Corticosteroid therapy and airflow obstruction influence the bronchial microbiome, which is distinct from that of bronchoalveolar lavage in asthmatic airways

Darcy R. Denner, Naseer Sangwan, Julia B. Becker, D. Kyle Hogarth, Justin Oldham, Jamee Castillo, Anne I. Sperling, Julian Solway, Edward T. Naureckas, Jack A. Gilbert, Steven R. White

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51 Scopus citations

Abstract

Background The lung has a diverse microbiome that is modest in biomass. This microbiome differs in asthmatic patients compared with control subjects, but the effects of clinical characteristics on the microbial community composition and structure are not clear. Objectives We examined whether the composition and structure of the lower airway microbiome correlated with clinical characteristics of chronic persistent asthma, including airflow obstruction, use of corticosteroid medications, and presence of airway eosinophilia. Methods DNA was extracted from endobronchial brushings and bronchoalveolar lavage fluid collected from 39 asthmatic patients and 19 control subjects, along with negative control samples. 16S rRNA V4 amplicon sequencing was used to compare the relative abundance of bacterial genera with clinical characteristics. Results Differential feature selection analysis revealed significant differences in microbial diversity between brush and lavage samples from asthmatic patients and control subjects. Lactobacillus, Pseudomonas, and Rickettsia species were significantly enriched in samples from asthmatic patients, whereas Prevotella, Streptococcus, and Veillonella species were enriched in brush samples from control subjects. Generalized linear models on brush samples demonstrated oral corticosteroid use as an important factor affecting the relative abundance of the taxa that were significantly enriched in asthmatic patients. In addition, bacterial α-diversity in brush samples from asthmatic patients was correlated with FEV1 and the proportion of lavage eosinophils. Conclusion The diversity and composition of the bronchial airway microbiome of asthmatic patients is distinct from that of nonasthmatic control subjects and influenced by worsening airflow obstruction and corticosteroid use.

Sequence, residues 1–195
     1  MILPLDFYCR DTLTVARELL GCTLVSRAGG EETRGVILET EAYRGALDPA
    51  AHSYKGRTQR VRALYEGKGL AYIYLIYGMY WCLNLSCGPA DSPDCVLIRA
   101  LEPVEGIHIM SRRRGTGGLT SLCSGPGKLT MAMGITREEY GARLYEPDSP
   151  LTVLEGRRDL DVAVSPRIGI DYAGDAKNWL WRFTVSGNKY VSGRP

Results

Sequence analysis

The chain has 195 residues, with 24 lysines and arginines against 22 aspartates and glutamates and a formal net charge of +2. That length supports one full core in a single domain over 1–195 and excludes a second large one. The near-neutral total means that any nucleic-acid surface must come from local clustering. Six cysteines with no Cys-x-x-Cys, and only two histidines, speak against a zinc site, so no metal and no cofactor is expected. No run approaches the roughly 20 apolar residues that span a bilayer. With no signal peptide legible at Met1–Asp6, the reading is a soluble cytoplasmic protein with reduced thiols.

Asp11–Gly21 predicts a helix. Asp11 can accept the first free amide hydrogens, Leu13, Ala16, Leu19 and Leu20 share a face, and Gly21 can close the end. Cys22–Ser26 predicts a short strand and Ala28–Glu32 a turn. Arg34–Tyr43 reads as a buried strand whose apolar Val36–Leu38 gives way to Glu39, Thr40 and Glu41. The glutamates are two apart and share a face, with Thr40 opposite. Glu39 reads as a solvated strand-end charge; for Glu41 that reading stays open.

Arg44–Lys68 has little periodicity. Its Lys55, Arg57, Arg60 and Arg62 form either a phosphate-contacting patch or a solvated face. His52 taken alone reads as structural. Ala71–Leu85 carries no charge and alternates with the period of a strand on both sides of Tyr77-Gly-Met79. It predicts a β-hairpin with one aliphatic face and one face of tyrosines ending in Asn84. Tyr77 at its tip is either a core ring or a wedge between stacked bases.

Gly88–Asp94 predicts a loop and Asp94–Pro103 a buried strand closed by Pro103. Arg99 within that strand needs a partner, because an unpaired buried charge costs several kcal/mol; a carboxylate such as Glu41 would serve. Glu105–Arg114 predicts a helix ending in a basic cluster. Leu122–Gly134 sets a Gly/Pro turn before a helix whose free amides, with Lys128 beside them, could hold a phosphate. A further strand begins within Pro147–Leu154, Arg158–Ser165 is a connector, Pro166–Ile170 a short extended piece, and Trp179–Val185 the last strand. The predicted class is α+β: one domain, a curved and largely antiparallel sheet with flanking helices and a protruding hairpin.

Original languageEnglish (US)
Pages (from-to)1398-1405e3
JournalJournal of Allergy and Clinical Immunology
Volume137
Issue number5
DOIs
StatePublished - May 1 2016
Externally publishedYes

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Keywords

  • 16S ribosomal RNA
  • Asthma
  • bacteria
  • corticosteroids
  • FEV
  • microbiome

ASJC Scopus subject areas

  • Immunology and Allergy
  • Immunology

Cite this

Denner, D. R., Sangwan, N., Becker, J. B., Hogarth, D. K., Oldham, J., Castillo, J., Sperling, A. I., Solway, J., Naureckas, E. T., Gilbert, J. A., & White, S. R. (2016). Corticosteroid therapy and airflow obstruction influence the bronchial microbiome, which is distinct from that of bronchoalveolar lavage in asthmatic airways. Journal of Allergy and Clinical Immunology, 137(5), 1398-1405e3. https://doi.org/10.1016/j.jaci.2015.10.017